Catherine Fay Ewing. Catherine Fay Ewing is credited with starting the Children's Home System in Ohio. Born on July 12, 1822, in Westboro, Massachusetts,. her family moved to Marietta in 1835. At age sixteen, Catherine studied to be a teacher while attending Marietta Female Seminary. Moving to the Indian Territory in what is now the state of Oklahoma in 1840 to teach orphaned Indian children, the events there affected the rest of her life. Upon returning home and witnessing the poor conditions of orphans in the county infirmary, she determined to provide a home for homeless children. She purchased property at Moss Run ten miles from Marietta
and built a two-room cabin. On April 1, 1858, she took custody of nine
children and eight years later married Archibald Ewing. That same
year the Ohio Legislature passed a law authorizing County Commissioners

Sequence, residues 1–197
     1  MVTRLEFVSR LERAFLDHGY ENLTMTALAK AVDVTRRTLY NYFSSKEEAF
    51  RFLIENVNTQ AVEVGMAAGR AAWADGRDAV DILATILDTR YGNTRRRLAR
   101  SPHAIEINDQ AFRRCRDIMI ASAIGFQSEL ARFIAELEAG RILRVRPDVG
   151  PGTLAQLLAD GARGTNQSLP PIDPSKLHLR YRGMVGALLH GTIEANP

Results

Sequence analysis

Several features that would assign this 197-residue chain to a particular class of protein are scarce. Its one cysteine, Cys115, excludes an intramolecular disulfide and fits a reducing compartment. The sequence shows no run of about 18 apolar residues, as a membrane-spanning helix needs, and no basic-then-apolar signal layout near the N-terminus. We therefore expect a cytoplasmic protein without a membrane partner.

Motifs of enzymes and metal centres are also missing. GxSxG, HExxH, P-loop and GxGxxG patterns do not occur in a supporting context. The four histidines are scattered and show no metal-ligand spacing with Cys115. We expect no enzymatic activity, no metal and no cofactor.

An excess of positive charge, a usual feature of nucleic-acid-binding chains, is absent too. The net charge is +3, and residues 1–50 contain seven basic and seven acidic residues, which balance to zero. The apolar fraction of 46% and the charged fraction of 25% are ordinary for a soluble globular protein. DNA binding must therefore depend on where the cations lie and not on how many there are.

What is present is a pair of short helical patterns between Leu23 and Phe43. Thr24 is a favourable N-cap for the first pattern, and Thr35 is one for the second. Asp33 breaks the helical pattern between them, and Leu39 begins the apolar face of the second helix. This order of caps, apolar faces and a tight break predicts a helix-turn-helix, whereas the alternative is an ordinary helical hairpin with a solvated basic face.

to use county taxes for the first public children's home in the
Frances Dana Gage. Frances Dana (Barker) Gage was born on October 12, 1808, in Marietta.
She married James L. Gage in 1829 and they raised eight children,
including four sons who served with Union forces during the Civil
War. Throughout much of her life, Frances was deeply involved with
the Temperance and Anti-Slavery movements and Women's Rights issues.
Presiding over the Women's
Rights Convention in Akron in 1851, she
invited Sojourner Truth to give her famous "Ain't I a Woman" speech.
The Gage family moved in 1853 to St Louis, the western extension
of the Mason-Dixon Line, where her life was threatened whenever she
spoke out against slavery. During the Civil War, she traveled south to
aid Union soldiers and teach freed slaves. Though crippled and
permanently disabled by a stroke, she continued to lecture on social
issues until 1867. Frances Dana Gage died on November 10, 1884, in